this week in unintentionally grim-sounding recruiting headlines
An mgoguest post by Greg Dooley of MVictors.com.
For those who haven't read an eBay Watch post, it started in late 2006 when I wrote about the auction of a 1901 season pass. The idea is to take a piece of memorabilia and then delve into the season or player to which it's tied. For this special mgo-edition, I'll look at a recent auction featuring two items from an event held thirty years ago celebrating Michigan football's first century.
On September 8, 1979 folks gathered inside Crisler Arena to hear speeches from Michigan legends and see the unveiling of special display cases, designed by local artists, featuring memorabilia spanning the 100 year history of the football program. The eBay auction included a ticket and the program from this ceremony.
The cornerstone of the centennial celebration was the memorabilia exhibit and to ensure it was done right, a Schembechler was asked to run the show. Bo was plenty busy with his team so his wife, Millie, took the reins as chairman of the Display Committee.
I stopped by the Bentley Library to view the archives preserved from the event. Bo's better half scoured the university and wrote to fans, alumni and former players to collect unique Michigan football artifacts from over the years. Over 500 players who lettered prior to 1950 were contacted for help, and Millie visited the Pro Football Hall of Fame for guidance. In the end, the exhibition included 18 display cases and 160 slides covering the first century. According to the Michigan Daily, the collection was open to the public before and after each home game of the 1979 season.
The Ann Arbor club’s debut
Another objective of the event organizers was to clarify what happened a century prior when a Michigan football team took the field for the first time. Thanks again to the Bentley Library we have some records on the 1879 team, including a team photo that reveals some righteous mustaches which almost draw attention away from the hats:
It was clear that the first game was played against Racine College, but there was some question as to when it was actually held. There was talk of having the teams meet in 1878 but ultimately the game was rescheduled for the following spring.
Data on the May 30, 1879 match, held at White Stockings Park in Chicago, is limited. A review of the Bentley records revealed an article (reproduced from microfilm) originally published in the Racine Advocate on June 7, 1879 that described the 1-0 Michigan victory. From the recap titled "RUGBY FOOT BALL - RACINE COLLEGE VS MICHIGAN UNIVERSITY":
Our Club [Racine] won the first "kick-off" and Mr. Parker sent the leather covered oval high in air and far over the field. There was a burst of applause from the grand stand which stilled as Campbell of the Michigan caught the ball, and at high speed rushed with it toward Racine's goal. From this time on our boys had the worst of it...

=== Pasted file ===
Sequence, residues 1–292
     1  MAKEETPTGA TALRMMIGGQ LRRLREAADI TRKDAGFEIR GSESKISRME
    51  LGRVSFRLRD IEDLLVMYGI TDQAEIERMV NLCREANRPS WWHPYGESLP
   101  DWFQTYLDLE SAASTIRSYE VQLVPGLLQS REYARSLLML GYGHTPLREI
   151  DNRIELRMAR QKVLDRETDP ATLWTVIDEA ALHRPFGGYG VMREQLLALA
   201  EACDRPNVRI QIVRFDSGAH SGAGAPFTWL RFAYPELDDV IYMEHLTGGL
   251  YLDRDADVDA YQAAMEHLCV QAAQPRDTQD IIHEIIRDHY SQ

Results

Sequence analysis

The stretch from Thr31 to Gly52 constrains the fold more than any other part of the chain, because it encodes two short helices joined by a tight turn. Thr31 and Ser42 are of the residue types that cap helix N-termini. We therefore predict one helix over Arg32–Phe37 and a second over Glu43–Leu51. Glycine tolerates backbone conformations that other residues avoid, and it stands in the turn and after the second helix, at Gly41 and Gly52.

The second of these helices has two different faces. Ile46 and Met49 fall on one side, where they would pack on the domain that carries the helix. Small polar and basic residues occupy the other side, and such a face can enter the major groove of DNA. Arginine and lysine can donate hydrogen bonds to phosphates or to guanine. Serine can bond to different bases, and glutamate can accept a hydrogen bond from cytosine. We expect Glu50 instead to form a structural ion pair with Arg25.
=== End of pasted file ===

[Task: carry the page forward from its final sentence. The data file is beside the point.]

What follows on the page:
Through the first portion of play Racine had one gent with a "nose bleed" and another with a sprained ankle. Despite Michigan's dominance the game was scoreless. After a 15 minute break they resumed until the Victors prevailed:
In the second struggle the goals were reversed, and the same tactics were employed as before, the Ann Arbor Club on the offensive and our boys simply endeavored to defend their goal. Mr. Chase made an excellent catch from a Racine kick, placed the ball directly in front of the Purple's goal and Mr. D Tarr kicked the oval ball high and clean over our goal just as time was called. This ended the game in favor of Michigan...
No Offense, Fritz
Fast forward 130 years to last week's eBay auction. One of the items up for sale was a ticket to the centennial event which featured a couple major blunders, including one that must have caused a few attendees to grimace:
Yes, this happened. I don't know who chaired the Ticket Committee but calling the venue Chrysler Arena at the event celebrating the history of the football program is a major foul. It'd be one thing if this were a ducat for the annual Dance for Mother Earth Pow Wow, but come on. The topper? Fritz Crisler himself was an honored guest.
On top of the Chrysler misstep, you might have noticed that the ticket calls this the bicentennial banquet. The 200th celebration will be held seventy years from now at Rodriguez Pavilion and I'll see you there.
Sadly the program wasn't error-free either. Legendary player and coach Bennie Oosterbaan was referred to as Benny. The surname of Jackie Harbaugh, the mother of Ravens coach John and future U-M quarterback Jim, is spelled 'Harbough'.
Besides Bo, Oosterbaan, and Crisler, the attendees were treated to a few words from legendary radio voice Bob Ufer. Just seven weeks later he would deliver the most famous radio call in Wolverine football history. Here's a 60 second taste [more at ufer.org]; note Ufe's recognition of the centennial at the end:
Also scheduled to be on the dais was Kip Taylor, the man who scored the first touchdown in Michigan Stadium in 1927. Taylor was actually injured in the game and never played again, perhaps choosing to rest up for a life of free drinks, back slaps and banquet speeches.